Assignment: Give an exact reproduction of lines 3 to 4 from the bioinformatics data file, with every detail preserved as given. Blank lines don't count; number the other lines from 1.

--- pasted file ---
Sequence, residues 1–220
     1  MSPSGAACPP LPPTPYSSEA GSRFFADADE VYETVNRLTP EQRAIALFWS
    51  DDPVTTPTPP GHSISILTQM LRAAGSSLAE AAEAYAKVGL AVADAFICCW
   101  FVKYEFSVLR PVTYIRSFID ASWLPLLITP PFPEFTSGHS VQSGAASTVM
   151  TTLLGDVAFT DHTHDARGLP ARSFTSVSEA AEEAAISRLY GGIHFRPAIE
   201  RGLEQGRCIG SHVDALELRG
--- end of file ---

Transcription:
    51  DDPVTTPTPP GHSISILTQM LRAAGSSLAE AAEAYAKVGL AVADAFICCW
   101  FVKYEFSVLR PVTYIRSFID ASWLPLLITP PFPEFTSGHS VQSGAASTVM